pick up a copy of OpenLinux 2.2 (it only costs $49.99) and start running
two different operating systems on your Windows computer. For more information,
There's also a Mac OS version, called LinuxPPC, that will let you
run The GIMP on your Power Macintosh (www.linuxppc.org).
Penguins And Foxes And Gnus. You can download the latest version of The
GIMP (1.04 as I write this) as well as a developer's version (currently
1.16) from the Homepage at: www.gimp.org/the_gimp.html
FTP (File Transfer Protocol) download sites are shown all over the world,
but there's more to this Web Site of the Month, than just a place
to download a really cool graphics program.
The first thing you'll notice is a thermometer-like graphic that
displays all the sections of the site and allows you to move back and
forth between pages instead of using your browser's controls. The
first part of The Gimp Homepage contains an introduction to the program,
system requirements, sample screenshots, and basic information about the
site's organization. Moving down the "thermometer" you'll
find complete documentation including a User Manual in Adobe's PDF
(Portable Document Format). If you don't already have Acrobat Reader
3.01 which lets you read PDF files, you can download a free copy from
The GIMP supports plug-ins and the site includes all of the information
a developer needs to create what must certainly be a non-Photoshop compatible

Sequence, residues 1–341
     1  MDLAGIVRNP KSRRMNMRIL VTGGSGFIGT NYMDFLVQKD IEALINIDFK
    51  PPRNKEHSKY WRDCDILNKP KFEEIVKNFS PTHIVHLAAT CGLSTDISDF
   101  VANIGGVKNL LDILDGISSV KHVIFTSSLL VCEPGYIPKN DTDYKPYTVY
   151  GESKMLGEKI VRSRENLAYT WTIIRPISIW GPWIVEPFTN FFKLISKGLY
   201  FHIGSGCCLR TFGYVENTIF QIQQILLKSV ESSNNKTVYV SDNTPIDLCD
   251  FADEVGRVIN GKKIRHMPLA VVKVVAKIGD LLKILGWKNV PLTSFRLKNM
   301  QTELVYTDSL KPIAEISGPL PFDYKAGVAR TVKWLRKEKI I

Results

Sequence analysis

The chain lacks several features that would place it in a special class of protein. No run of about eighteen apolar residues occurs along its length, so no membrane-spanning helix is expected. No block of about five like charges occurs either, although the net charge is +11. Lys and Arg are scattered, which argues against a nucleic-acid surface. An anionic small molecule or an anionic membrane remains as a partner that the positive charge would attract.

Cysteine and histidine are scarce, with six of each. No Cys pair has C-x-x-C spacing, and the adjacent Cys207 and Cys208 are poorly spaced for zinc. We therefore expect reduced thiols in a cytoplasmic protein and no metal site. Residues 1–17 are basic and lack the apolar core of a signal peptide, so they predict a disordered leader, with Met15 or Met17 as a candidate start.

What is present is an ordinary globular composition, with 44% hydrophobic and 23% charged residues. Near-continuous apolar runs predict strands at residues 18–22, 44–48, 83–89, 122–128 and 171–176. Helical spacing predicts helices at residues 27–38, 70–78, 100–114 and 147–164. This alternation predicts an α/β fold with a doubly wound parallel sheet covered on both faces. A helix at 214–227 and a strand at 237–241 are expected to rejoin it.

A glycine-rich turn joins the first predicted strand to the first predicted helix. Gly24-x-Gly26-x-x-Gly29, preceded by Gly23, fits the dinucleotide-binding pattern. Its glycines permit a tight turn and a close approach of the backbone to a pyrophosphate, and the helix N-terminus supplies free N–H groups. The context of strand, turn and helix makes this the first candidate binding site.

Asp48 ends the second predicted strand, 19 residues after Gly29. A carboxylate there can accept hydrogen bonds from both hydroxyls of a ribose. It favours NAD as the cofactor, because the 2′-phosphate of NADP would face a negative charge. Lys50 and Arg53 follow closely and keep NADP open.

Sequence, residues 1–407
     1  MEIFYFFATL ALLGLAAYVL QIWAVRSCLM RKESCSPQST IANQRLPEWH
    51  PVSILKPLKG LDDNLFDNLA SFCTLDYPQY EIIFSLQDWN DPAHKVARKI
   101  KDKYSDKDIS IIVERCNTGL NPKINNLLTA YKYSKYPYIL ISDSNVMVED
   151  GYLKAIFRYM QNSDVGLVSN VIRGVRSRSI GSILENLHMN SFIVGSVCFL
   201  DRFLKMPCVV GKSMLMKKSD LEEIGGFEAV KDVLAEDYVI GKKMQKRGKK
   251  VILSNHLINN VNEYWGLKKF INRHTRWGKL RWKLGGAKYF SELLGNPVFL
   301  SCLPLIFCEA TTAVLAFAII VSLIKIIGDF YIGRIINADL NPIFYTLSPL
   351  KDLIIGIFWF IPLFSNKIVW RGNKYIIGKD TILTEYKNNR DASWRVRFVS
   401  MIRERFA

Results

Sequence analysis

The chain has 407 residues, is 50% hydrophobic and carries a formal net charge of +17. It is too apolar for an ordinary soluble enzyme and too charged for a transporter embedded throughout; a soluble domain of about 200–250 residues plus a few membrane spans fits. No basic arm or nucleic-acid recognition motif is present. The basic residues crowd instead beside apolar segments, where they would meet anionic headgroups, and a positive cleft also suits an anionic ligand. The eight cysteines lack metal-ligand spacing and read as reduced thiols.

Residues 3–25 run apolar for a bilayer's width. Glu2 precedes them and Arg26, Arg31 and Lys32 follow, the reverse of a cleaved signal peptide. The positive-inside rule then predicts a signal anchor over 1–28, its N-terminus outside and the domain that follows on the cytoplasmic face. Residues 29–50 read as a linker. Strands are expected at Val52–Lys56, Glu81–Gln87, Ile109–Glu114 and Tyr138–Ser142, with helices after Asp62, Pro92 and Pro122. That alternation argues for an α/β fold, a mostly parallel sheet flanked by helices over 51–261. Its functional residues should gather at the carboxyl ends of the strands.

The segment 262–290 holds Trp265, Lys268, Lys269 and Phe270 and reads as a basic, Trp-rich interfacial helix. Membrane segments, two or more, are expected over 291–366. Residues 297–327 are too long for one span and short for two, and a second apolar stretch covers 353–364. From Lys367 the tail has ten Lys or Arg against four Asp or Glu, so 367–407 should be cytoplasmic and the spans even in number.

plug-in. With the increase in popularity of the Linux operating system,
I hope companies such as Alien Skin Software and Extensis port some of
their plug-ins to The GIMP. There is supposed to be a section showing
"before and after" plug images, but that part of the site
was not fully active when I last visited.
you visit this Web site of the Month, you can visit the
Gallery to view artwork and images produced using the GIMP,
including the world famous Linux penguin created by Larry
A Resources page contains the
kinds of ancillary files a good image manipulation program needs, including
collections of patterns, brushes, gradients, and fonts that can be loaded
into The GIMP's tool palettes. In lieu of Actions ala Photoshop,
this program uses "scripts" and there are plenty of different
ones available for downloading to extend its capabilities. Something you
won't find in Photoshop, and most other image editing programs,
are tool and control palettes than can be truly customized. This part
of the site has links to an ftp site where you can download a large collection
of interface goodies. The Resource section also offers a collection of
fonts, including free versions of 35 standard Post-Script typefaces.
The GIMP Homepage has a section featuring a gallery of artwork created